Monday, June 18, 2018

Animation 101: Constructing a Story for a Short Film, Part 2: The Image

Every idea comes from a single image, no need to worry about a story at this point, that comes later. This image is what the story is built around. It's the very first brick, but is not necessarily the foundation, matter of fact the first image can become a rather minor part of the final picture. What's important here is to start somewhere, and start with something that sparks interest and establishes emotion. More often than not, for animators in particular, this image is a hybrid of several observations recorded in your sketchbook and then fused with a personal emotional flare. For example, the way different people drive, the way certain woman walk or eat. Perhaps the relationship between a triangle and a circle (I can see right away that the triangle is upset that it can't roll around freely like the circle). Or, it can simply be two clouds with distinctly different shapes (perhaps one very large, and one very small). One of my Thesis students last year, Kai-sen Chan, came into class on the first day with a sketch of a cactus hugging a flower. Perfect! On that he built his film "Plant Story."
Kai-sen Chan's "Plant Story"
The image that a film is built around typically expresses some type of cleverness, intrigue, conflict(more on that soon) or irony. For my film "Puppet" the image that I based the story from was a quick sketch of a kid wearing a hand puppet, but the hand puppet had a very mean expression, as if he was about to do harm to it's creator. This image creates interest and is deviously ironic, and the panic that is building within the kid can be felt. In Konstantin Bronzit's masterpiece "Au Bout Du Monde", the image was most likely a single house teetering precariously on the sharp point of a mountain. The image evokes thought, as we have certain preconceived notions of what a house symbolizes (solidity, safety, home), and the idea that it is balancing on a graphic summit begs for further information. It's interesting to point out here that the "Image" doesn't necessarily have to be character based, it can be environmental.

Konstantin Bronzit's  "Au Bout Du Monde"
Very often a strong image that becomes an impetus for a film is something that doesn't sit right with the viewer, or contradicts the viewers typical definition of what they are looking at. Or, more on a basic level, makes us laugh. Peter Ahern's very first image for his thesis film "Down to the Bone", was a kid who is inside out. He built the film around this very funny image.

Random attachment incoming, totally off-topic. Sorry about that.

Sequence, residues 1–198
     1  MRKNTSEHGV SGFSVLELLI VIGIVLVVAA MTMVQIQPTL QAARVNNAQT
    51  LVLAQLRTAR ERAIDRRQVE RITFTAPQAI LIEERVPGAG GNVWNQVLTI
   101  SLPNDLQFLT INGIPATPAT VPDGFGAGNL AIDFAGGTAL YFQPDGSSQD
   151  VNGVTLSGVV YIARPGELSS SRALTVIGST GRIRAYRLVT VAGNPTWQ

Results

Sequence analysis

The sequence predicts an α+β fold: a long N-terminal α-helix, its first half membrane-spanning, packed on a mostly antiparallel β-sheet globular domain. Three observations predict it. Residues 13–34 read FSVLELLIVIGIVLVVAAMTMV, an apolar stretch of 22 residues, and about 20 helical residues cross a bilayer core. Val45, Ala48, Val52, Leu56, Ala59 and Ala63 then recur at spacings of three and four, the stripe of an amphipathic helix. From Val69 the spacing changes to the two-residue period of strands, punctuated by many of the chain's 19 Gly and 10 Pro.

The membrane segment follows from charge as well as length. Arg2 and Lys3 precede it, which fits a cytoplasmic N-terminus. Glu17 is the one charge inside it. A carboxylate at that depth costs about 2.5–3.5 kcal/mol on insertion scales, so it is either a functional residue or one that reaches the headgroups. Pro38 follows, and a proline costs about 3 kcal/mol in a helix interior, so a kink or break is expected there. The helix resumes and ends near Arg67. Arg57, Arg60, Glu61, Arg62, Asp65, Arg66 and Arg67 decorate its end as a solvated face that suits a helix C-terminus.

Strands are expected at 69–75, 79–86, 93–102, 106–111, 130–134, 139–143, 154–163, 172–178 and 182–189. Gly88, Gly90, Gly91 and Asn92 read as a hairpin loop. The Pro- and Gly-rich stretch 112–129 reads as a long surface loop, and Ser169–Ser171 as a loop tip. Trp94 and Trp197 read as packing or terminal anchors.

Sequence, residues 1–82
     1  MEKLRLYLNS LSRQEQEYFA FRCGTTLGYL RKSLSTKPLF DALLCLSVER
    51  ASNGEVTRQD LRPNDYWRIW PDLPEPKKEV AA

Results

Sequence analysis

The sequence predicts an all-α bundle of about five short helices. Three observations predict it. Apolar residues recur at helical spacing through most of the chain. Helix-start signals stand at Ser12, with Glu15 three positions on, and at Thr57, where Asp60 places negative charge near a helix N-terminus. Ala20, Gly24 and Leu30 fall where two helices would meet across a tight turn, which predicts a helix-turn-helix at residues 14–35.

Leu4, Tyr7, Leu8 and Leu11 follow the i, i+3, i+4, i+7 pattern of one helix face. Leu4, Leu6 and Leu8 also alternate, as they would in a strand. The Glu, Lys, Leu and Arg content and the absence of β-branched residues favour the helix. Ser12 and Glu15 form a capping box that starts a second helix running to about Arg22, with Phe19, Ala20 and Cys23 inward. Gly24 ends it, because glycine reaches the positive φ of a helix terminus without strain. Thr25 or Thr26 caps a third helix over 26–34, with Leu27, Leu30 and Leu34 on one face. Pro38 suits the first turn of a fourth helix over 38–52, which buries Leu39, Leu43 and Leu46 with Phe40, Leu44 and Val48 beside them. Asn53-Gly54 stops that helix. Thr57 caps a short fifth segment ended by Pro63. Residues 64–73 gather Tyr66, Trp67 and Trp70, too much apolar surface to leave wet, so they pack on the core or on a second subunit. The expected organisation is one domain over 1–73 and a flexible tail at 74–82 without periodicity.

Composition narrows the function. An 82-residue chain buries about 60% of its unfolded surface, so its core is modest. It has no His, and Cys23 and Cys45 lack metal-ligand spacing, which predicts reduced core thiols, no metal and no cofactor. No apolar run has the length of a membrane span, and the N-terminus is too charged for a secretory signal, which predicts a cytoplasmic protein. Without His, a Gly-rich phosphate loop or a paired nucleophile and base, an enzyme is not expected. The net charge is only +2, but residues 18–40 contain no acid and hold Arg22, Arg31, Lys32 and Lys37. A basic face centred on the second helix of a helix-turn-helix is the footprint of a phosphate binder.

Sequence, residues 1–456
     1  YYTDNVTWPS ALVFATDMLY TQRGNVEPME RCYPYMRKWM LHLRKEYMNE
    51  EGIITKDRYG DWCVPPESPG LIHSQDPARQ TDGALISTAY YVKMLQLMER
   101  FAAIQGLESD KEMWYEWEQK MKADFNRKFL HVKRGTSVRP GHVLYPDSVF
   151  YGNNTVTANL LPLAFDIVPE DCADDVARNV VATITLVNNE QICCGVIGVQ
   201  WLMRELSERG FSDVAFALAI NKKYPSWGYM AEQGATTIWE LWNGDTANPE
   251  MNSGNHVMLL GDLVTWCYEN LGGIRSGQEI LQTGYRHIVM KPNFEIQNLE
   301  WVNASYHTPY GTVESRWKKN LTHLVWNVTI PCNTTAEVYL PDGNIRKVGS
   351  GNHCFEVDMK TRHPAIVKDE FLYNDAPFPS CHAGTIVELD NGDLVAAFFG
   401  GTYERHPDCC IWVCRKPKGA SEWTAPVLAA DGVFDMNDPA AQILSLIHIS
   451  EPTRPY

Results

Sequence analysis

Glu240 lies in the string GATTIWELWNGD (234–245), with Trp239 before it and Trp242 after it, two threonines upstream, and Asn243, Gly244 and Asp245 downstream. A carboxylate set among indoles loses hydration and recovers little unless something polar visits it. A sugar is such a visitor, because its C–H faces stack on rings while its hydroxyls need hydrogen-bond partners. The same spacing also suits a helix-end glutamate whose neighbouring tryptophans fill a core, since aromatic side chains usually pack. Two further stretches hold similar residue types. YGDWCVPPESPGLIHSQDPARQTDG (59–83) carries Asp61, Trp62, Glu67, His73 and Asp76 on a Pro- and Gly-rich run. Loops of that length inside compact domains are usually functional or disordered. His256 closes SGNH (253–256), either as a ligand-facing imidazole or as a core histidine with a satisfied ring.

Peter Ahern's "Down to the Bone"
Even within non-narrative films, an image is created in the beginning. In Ishu Patel's film "Bead Game", he created a row of small beads, mimicking his sketches of the snow drifts in the arctic. This image captured what he wanted to communicate, which was the way particles move together to create broad smooth lines that reflect the beauty of the natural world. In George Griffin's "View-master" the image was a bunch of people walking and running. This image led him to intense study of the animated looped cycle, and that in turn steered his technique that dominated the overall message of his film.
From George Griffin's "ViewMaster"
In Koji Yamamura's film "Mt. Head", the image of a small plant or tree growing out of the character's bald head intently creates intrigue. When we see this image we ask ourselves why this is happening, as well as feeling the roots of the tree burrowing into the bald skin of the character. It's bizarre, and creates an emotional interest in the character.

Koji Yamamura's film "Mt. Head"
Furthermore, an effective image typically illustrates a strong contrast in several ways. Contrast, is of course, a very important element in practically every part of film making, and we will discuss it more later. For now, let's just say that we should all be searching for contrasts, and attempting to put it in every place we can cram it into. Use that imagination of yours to find wonderful contrasts everywhere.  A very large but graceful man, riding a very small and delicate bicycle could very well be more thought provoking that an average sized man riding an average size bike. Contrast equals interest. If we see a goofy clown, and an anvil falls on his head, we may chuckle a bit.. but take a slick business man and drop an anvil on his head, and it's an uproar. You see, we expect something crazy to happen to a clown, but a man in a business suit creates better contrast with that particular action. Vice versa, if a clown sat down at a business meeting and started talking serious business.. we would laugh.

One time I was talking to Bill Plympton about his creative process behind his most beloved film "Your Face". He told me that he was sitting on the subway in New York, and across from him was a man with a very small, very scrunched up face. So scrunched up that it looked like it was going to just keep getting sucked into his head, and then reappear on the outside, only to get sucked into the middle of his head again. And we literally see, very early in his film, this image true to form.  It's a theme that I love about his work. He divulges in his observations about people, pushing them further than mere representation.
Bill Plympton's "Your Face"